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New Holland debuts new Prairie combines

New small-grains rotary and conventional combines are built for the Western Canadian market

Major-brand manufacturers don’t often debut new machines at Canadian farm shows. But New Holland has chosen to introduce new combines at Canada’s Farm Progress Show in Regina a couple of times now, which, according to executives, is an indication of how much attention they are paying to the small-grains harvesting market unique to Western Canada and the Northern Plains.

This year the brand pulled the wraps off its range of CX8 conventional combines in Regina, showing off the new flagship CX8.90 class 8 model. Not only are the two CX8 models designed specifically for harvesting small grains, but as straw walker machines they are gentler on the straw, making them attractive to mixed farmers who want to follow behind the combine with a baler.

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“This is a small but significant market for customers who are looking to harvest straw as well as grain,” said Nigel MacKenzie, New Holland’s marketing manager for combines and headers, during an event at the company’s corporate headquarters in Pennsylvania in July. “They tend to be in mixed farming areas or, alternatively, where a farmer can sell that straw. It’s a little gentler on the straw but not quite as efficient in terms of capacity as a rotary combine.”

The two CX8 models (class 7 and 8 machines) offer similar grain tank capacities — around the 350 bushel mark. But the bigger brother gets 89 more horsepower, hitting a rating of 490. The biggest header available is 41 feet.

Down deep in the chassis, the CX8 models use the brand’s Opti-Clean cleaning shoe system, which was originally introduced on the large rotary. The company claims it offers a 20 per cent cleaning improvement over previous designs because of the longer sieve stroke and steeper throwing angle, keeping material airborne for longer to enhance cleaning.

To minimize the risk of blowing kernels out the back, the Opti-Fan automatically adjusts its speed to compensate for inclines. It slows if the combine is moving uphill and accelerates on downhill tracks. The six Opti-Speed straw walkers do the same to keep material moving at an optimum rate to reduce losses regardless of the field terrain.

A new rotary

If you want to harvest small grains and still have your heart set on a rotary, NH has something new for you consider there too. It is introducing the CR8.90 Elevation, another class 8 model which is a little different from the existing CR8.90 that is built in Grand Island, Nebraska.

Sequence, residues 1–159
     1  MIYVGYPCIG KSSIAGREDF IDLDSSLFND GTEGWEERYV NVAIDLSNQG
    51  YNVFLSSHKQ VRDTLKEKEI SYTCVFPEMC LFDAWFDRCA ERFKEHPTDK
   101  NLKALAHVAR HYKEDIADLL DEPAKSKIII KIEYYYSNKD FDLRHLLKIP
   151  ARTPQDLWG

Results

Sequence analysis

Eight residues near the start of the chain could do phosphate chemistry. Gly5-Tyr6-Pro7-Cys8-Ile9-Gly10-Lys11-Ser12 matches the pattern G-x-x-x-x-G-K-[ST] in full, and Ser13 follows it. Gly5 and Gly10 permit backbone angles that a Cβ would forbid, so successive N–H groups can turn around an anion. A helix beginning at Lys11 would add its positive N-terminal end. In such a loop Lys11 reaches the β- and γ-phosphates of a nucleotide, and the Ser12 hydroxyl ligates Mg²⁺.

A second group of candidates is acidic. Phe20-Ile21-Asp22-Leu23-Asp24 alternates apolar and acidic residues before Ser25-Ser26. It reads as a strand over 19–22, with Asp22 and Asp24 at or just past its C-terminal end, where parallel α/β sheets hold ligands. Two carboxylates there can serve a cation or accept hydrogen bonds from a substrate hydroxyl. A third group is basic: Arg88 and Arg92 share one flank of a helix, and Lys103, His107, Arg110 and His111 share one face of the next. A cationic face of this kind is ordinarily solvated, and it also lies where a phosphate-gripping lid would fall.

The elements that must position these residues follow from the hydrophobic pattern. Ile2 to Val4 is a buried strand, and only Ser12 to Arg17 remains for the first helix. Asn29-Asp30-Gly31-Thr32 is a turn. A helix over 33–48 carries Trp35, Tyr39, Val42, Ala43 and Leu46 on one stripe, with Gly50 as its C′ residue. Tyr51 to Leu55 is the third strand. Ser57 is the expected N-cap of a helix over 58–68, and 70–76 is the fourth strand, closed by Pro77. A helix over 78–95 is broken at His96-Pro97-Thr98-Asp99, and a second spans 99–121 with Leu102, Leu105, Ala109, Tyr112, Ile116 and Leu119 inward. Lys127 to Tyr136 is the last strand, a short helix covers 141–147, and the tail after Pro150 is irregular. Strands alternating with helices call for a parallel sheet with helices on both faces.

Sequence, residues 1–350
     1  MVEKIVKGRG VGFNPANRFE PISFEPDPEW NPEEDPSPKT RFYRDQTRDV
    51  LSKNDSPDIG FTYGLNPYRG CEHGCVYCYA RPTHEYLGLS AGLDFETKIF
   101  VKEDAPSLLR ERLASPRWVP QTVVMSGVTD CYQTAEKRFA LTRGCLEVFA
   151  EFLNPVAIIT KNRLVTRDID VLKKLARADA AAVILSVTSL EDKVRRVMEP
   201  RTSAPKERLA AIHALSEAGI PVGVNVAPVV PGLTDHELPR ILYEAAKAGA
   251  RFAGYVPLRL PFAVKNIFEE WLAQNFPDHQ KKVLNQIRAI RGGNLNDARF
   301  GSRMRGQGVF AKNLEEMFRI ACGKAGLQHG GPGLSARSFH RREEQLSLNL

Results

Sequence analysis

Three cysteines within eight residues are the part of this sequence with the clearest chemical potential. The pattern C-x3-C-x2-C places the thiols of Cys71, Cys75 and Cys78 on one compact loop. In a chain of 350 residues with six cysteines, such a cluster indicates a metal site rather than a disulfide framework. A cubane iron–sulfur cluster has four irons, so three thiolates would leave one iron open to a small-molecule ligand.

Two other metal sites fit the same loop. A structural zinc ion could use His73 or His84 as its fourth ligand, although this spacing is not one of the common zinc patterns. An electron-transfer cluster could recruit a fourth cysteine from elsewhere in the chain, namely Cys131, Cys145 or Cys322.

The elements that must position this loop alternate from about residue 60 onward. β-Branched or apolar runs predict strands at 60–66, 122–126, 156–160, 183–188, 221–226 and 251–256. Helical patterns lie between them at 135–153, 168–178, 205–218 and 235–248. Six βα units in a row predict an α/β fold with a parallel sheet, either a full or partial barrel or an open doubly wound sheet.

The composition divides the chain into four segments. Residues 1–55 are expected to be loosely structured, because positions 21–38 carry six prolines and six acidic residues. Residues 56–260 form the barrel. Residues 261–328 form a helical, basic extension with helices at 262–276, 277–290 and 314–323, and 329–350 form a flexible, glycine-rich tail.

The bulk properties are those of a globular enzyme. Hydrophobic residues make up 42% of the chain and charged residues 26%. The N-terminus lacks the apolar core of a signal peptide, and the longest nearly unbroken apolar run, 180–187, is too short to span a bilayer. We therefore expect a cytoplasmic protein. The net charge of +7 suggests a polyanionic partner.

“Many of you will recognize we already have a class 8 machine,” says MacKenzie. “What’s the difference with this class 8 and why is it focused on the small grains farmer? The ‘elevation’ is the clue. The CR8.90 Elevation is a small grain focused machine. It has exactly the same cleaning shoe as in the 10.90. The Opti-Clean cleaning shoe, it’s optimized for small grains, that technology we’re bringing down into the class 8 segment to offer alongside our Grand Island machines.”

“There are small changes relating to horsepower and grain tank, but primarily this is a combine focused on western Canadian and northern plains States of the U.S., small grains customers. They get the benefit of that high-capacity cleaning shoe.”

Regardless of whether you choose a CX or CR version, NH is offering some updates to the cab it introduced a year ago. The same one gets installed on both ranges. The removable cooler that hides under the buddy seat is now a standard feature. “We saw very high take rates (from customers), so we’ve made it standard,” explains MacKenzie.

And to keep you entertained, you can get a satellite radio system right from the factory.

To keep both CR and CX machines working late into the night, a new LED lighting package is available for 2016 that should help brighten things up.

“LED technology gives us a real step forward from HID,” says MacKenzie. “We’re the first to offer a comprehensive work light package. 25 lights in that package become LED, including far-distance lights that shine out to 1,600 feet. And I mean 1,600 feet. They’re incredible.”

About the author

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Scott Garvey

Scott Garvey is a freelance writer and video producer. He is also the former machinery editor at Grainews.

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